Q: In an interview with The Louisiana Channel you said that we are living in a time of “facelessness.” This is a fascinating topic— could you expand on what this concept means to you and your work?

Living in the time of “facelessness” means to be busy with hiding the face, my face – completely occupied with myself and entirely narcissistic – instead of being occupied by how to get in touch with the world. I want to get in touch with the world, in conflict or in agreement – but in touch. I must show what I see, what I understand, what comes from myself without explanation or argumentation. It is necessary to distinguish ‘sensitivity’, which to me means being awake and attentive, from ‘hypersensitivity’, which means self-enclosure and exclusion.

Q: “Facelessness” is a complex issue, and calls into question an age-old dilemma within photography: do you think individuals own the rights to their image?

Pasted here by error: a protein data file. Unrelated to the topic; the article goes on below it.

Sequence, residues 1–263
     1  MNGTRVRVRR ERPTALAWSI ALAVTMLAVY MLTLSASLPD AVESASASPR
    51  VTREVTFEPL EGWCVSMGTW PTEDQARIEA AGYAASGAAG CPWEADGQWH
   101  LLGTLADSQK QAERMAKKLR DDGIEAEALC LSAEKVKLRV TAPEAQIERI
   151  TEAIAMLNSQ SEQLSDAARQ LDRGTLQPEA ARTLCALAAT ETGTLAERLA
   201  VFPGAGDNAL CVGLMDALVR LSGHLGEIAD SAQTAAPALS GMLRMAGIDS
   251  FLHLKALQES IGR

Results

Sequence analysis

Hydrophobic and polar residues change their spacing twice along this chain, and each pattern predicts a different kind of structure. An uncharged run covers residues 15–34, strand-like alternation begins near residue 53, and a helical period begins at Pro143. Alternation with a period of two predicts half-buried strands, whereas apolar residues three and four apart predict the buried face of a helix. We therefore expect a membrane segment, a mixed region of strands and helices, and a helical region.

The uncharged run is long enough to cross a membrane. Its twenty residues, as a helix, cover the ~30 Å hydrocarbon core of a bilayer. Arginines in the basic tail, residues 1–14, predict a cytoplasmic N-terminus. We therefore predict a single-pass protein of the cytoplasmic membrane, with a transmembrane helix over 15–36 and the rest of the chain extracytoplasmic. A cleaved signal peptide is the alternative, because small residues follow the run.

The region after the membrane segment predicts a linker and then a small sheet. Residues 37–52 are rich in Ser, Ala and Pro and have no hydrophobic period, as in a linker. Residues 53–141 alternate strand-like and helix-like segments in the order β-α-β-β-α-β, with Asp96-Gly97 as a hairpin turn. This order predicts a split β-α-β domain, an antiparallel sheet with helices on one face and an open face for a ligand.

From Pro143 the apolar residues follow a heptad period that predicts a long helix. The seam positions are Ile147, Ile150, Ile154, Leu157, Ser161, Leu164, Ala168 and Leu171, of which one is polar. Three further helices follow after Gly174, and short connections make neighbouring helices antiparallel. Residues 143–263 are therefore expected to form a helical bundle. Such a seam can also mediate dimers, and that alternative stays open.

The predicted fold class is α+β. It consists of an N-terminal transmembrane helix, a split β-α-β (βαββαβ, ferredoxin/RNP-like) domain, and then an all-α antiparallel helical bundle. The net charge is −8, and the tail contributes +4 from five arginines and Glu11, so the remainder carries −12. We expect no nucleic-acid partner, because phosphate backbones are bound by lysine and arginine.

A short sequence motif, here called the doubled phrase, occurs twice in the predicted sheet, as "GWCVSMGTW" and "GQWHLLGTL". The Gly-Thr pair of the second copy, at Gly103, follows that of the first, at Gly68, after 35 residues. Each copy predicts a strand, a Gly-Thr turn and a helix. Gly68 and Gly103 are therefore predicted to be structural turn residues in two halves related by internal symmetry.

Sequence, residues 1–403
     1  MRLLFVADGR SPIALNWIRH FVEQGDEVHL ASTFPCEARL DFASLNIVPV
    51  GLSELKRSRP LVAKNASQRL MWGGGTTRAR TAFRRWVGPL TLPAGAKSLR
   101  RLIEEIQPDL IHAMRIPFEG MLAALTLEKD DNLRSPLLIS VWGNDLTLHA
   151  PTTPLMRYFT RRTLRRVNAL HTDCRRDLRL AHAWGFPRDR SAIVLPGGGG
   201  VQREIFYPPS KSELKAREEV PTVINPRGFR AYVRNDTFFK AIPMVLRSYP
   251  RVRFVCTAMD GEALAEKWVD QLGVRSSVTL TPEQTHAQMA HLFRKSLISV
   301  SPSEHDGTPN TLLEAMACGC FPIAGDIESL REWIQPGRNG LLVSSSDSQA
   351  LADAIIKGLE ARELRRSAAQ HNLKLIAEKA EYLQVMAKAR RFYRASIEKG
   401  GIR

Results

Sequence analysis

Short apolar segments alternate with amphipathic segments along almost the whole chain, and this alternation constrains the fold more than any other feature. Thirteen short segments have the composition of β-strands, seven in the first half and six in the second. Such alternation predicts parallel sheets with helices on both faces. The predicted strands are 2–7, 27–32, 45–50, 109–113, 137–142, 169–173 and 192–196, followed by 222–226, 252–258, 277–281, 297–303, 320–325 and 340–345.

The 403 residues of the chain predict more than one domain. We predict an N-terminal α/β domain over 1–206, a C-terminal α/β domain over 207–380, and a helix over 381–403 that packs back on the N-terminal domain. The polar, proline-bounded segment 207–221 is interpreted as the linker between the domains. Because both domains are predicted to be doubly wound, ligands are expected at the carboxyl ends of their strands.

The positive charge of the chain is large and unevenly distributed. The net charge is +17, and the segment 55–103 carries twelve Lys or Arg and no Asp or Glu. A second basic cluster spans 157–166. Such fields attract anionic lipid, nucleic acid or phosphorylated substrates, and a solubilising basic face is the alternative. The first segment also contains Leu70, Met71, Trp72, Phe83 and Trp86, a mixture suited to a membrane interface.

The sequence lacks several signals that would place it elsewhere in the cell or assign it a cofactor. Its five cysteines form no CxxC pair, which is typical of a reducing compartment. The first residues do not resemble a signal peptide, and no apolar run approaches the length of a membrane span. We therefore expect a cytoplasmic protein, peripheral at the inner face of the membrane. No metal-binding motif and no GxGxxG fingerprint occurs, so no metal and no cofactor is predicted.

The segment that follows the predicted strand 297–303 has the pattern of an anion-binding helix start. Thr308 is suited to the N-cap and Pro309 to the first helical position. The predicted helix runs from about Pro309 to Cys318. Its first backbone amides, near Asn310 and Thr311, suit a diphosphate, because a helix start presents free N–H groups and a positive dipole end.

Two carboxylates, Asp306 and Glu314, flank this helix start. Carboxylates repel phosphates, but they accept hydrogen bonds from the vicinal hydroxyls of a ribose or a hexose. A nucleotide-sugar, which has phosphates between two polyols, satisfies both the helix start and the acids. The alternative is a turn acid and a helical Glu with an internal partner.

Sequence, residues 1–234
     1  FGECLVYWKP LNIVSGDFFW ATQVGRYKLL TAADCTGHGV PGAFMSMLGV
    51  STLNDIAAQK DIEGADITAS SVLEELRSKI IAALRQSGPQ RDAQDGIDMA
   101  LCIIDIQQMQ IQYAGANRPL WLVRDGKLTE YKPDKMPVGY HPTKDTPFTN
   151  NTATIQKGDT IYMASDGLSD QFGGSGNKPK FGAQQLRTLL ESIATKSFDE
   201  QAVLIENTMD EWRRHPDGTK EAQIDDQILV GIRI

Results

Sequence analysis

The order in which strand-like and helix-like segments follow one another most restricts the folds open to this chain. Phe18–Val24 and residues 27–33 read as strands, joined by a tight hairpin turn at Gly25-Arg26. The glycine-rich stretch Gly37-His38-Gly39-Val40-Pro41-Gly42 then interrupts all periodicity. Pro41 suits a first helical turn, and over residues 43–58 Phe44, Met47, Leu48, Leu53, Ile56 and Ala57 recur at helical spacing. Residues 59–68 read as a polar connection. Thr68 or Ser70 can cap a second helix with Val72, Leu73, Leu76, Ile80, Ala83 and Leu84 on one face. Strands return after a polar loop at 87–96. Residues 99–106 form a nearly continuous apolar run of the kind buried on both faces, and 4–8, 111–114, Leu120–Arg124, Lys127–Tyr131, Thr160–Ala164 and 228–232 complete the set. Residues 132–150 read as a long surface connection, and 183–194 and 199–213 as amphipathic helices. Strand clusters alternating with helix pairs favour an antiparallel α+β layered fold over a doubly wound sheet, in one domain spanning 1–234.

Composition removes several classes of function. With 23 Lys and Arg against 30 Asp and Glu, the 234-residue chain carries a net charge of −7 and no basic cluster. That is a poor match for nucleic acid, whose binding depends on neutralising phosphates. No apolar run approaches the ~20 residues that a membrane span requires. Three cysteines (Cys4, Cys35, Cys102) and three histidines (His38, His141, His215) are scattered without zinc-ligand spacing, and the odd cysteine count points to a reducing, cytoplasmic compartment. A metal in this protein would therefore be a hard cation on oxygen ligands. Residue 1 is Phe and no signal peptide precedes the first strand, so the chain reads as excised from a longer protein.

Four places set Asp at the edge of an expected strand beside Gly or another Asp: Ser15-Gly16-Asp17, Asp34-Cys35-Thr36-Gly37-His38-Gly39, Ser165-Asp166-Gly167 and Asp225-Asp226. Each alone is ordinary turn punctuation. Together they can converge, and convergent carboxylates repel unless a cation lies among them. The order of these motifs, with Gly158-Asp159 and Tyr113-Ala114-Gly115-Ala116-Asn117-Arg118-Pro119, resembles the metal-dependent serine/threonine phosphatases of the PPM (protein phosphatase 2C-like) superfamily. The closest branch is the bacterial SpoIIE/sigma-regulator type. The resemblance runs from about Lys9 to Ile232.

Before I want to discuss the right of the face, of the image of my face, I want to understand the face, my face – as the first and the direct contact with the other, with the world. If I do not offer my face – what else will establish the contact with the other? With the world? The question of the right of my image is hysterical. What matters and is essential is the question of how to be in contact with the world.

Q: Who are some of your artistic influences (ex. Emma Kunz)?

Andy Warhol, Joseph Beuys, Meret Oppenheim, Elena Guro, Helio Oiticica, Paul Thek, Emma Kunz, Otto Freundlich, Anna Viebrock.

Q: Censorship is a thread that runs through your work, understandably so, as an artist and citizen of the world. Are there some other themes you’d like to navigate in future projects?

I am working on the “Robert Walser-Sculpture” for next year, a work in Public Space in Bienne/Biel Switzerland the hometown of the Swiss writer I am fan of. With this work my ambition is to give an answer to the question: ‘Why Non-Permanency Persists’. I am also working on my series of collages ‘A Ruin is a Ruin’ with different new works and future exhibitions. One of the challenges to me with this body of work will be to combine ‘Destruction’ with ‘Creation’ in one work.